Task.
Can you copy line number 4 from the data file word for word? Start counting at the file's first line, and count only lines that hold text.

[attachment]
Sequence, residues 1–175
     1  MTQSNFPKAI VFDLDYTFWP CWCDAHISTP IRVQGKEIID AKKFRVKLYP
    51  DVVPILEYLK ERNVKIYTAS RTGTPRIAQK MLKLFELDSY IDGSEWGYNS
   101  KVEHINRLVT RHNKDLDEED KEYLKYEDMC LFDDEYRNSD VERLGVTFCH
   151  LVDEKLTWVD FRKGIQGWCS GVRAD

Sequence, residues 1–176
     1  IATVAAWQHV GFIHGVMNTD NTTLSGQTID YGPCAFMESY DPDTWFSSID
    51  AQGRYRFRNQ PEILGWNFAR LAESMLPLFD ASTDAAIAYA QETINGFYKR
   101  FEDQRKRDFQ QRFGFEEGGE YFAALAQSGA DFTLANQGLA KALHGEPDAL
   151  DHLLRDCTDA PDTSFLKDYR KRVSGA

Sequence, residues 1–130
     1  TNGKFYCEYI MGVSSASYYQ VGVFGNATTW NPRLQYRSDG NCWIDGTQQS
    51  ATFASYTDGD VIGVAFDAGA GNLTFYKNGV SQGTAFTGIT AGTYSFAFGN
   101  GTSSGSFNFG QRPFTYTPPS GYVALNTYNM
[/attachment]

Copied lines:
   101  KVEHINRLVT RHNKDLDEED KEYLKYEDMC LFDDEYRNSD VERLGVTFCH